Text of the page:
Surface Forces: Fixing The Empty Cell Blues


June 14, 2010: Thanks to Iranian and North Korean ballistic missiles, the U.S. Navy is now scrambling for a way to enable its warships to reload their missile launch tubes at sea. For over two decades, this was not seen as a priority. But with the widespread use of the Aegis anti-missile system on ships, and the prospect of having to shoot down a lot of hostile ballistic missiles, while also fending off hostile aircraft, the need for reloading VLS cells at sea is now, well, important.

Over the last three decades, the United States, and later several other nations, have adopted the eight cell VLS (Vertical Launch System), where anti-aircraft, anti-ship or cruise missiles are launched directly from the vertical launch tubes (cells) just beneath the decks of warships. The launch tubes also contain electronic connections that enable the crew to monitor the condition and readiness of the missiles. Most cells contain only one missile, although the smaller Sea Sparrow anti-aircraft missile can fit four to a VLS cell. Since 1982, over 11,000 VLS cells have been installed in nearly 200 American and foreign warships. The most common VLS user is the American Burke class destroyer, with 90 VLS cells. A smaller number of cruisers have 122 VLS cells each. Some of the older Spruance class destroyers got 61 VLS cells.

In the 1980s, there was some debate over the need for an at-sea reloading capability. A system was developed, but it meant losing six cells (three for the forward VLS cells, and three for the ones aft, in the rear of the ship). This crane system was dropped, so that the ships could use more cells for missiles. Back then, it was believed that any future war would mainly be a series of hard fought initial battles, when every VLS cell counted. But with ballistic missile defense, an Aegis ship might only be carrying 20-30 Aegis guided anti-missile missiles (the rest being anti-aircraft), and you might not want to send that ship all the way back to a base that could reload the VLS tubes.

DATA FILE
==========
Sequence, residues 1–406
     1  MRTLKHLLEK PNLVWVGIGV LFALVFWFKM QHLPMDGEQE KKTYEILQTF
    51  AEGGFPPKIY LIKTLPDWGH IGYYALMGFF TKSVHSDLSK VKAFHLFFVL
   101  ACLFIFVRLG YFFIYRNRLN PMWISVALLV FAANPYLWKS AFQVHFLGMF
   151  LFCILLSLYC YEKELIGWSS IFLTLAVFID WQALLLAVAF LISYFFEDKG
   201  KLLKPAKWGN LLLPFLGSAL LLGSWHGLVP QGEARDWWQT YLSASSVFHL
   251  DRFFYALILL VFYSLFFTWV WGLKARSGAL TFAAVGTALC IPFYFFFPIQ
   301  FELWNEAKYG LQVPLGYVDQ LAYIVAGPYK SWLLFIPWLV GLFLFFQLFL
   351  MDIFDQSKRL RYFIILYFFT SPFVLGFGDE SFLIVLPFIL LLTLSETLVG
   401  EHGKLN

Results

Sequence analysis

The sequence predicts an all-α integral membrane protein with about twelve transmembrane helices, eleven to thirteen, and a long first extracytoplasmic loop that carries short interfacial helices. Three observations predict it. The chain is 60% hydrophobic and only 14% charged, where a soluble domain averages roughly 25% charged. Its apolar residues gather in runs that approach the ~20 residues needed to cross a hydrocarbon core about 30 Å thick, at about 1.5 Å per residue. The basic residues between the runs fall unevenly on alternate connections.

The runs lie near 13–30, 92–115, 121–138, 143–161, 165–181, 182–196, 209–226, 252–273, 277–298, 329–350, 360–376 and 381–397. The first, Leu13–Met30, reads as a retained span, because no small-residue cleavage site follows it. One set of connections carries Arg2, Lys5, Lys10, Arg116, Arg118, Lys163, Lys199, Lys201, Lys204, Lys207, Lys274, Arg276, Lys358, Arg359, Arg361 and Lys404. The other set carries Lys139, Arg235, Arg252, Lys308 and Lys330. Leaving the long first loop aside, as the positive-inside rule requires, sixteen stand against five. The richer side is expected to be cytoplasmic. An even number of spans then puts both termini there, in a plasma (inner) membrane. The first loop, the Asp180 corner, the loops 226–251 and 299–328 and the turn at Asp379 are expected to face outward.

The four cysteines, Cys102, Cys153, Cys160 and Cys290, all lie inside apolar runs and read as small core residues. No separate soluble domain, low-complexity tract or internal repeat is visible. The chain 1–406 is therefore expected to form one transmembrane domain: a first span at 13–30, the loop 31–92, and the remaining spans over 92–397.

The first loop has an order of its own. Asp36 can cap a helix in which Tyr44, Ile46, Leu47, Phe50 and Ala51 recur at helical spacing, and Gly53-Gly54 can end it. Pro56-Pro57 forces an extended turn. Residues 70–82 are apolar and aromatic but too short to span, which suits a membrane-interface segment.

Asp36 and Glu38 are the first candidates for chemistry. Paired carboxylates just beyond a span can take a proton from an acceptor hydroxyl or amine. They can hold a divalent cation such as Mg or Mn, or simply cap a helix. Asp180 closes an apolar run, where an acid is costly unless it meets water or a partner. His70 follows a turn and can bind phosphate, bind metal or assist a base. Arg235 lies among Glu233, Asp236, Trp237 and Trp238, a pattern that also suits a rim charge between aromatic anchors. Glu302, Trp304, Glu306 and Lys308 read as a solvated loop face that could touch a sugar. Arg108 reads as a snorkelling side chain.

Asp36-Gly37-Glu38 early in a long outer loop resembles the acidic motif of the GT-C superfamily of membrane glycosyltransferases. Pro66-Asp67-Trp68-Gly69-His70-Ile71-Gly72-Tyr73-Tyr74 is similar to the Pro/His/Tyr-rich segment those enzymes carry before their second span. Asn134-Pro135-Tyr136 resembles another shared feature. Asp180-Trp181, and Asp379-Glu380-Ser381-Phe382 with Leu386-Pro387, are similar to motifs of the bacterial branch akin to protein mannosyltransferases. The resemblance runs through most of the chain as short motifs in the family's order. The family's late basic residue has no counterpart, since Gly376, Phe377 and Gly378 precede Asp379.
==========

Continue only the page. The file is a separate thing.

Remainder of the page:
At the moment, Aegis anti-missile systems are hot. The U.S. government, encouraged by the high success rate (83 percent) of Aegis SM-3 missiles to shooting down ballistic missiles, has been expanding the number of SM-3 equipped ships. With 18 Aegis anti-missile equipped ships in service now, and plans to have more than twice as many in the next few years.

Converting Aegis ships to fire anti-missile missiles costs about $12 million a ship, mainly for new software and a few new hardware items. This is seen as a safe investment. To knock down ballistic missiles, an Aegis equipped ship uses two similar models of the U.S. Navy Standard anti-aircraft missile, in addition to a modified version of the Aegis radar system, tweaked to also track incoming ballistic missiles.

Now the government wants to use Aegis more aggressively to block Iranian or North Korean ballistic missiles. This means buying over a thousand SM-3 missiles. These currently cost about $10 million each, and the next upgrade (which will deliver more accuracy and reliability) will raise that to $15 million each. While the expanded Aegis program will cost about $20 billion, it's seen as the cheapest way to provide reliable anti-missile defense against Iran and North Korea.

The basic anti-missile missile RIM-161A, also known as the Standard Missile 3 (or SM-3). It has a range of over 500 kilometers and max altitude of over 160 kilometers. The Standard 3 is based on the anti-missile version of the Standard 2 (SM-2 Block IV). This SM-2 missile turned out to be effective against ballistic missile warheads that are closer to their target. One test saw a SM-2 Block IV missile destroy a warhead that was only 19 kilometers up. An SM-3 missile can destroy a warhead that is more than 200 kilometers up. But the SM-3 is only good for anti-missile work, while the SM-2 Block IV can be used against both ballistic missiles and aircraft. The SM-2 Block IV also costs less than half what an SM-3 costs.

The SM-3 has four stages. The first two boost the interceptor out of the atmosphere. The third stage fires twice to boost the interceptor farther beyond the earth's atmosphere. Prior to each motor firing it takes a GPS reading to correct course for approaching the target. The fourth stage is the 20 pound LEAP kill vehicle, which uses infrared sensors to close on the target and ram it. The Aegis system was designed to operate aboard warships (cruisers and destroyers that have been equipped with the special software that enables the AEGIS radar system to detect and track incoming ballistic missiles). However, there is also a land based version that Israel is interested in buying.


Article Archive

Surface Forces : Current 2014 2013 2012 2011 2010 2009 2008 2007 2006 2005 2004 2003 2002 2000 1999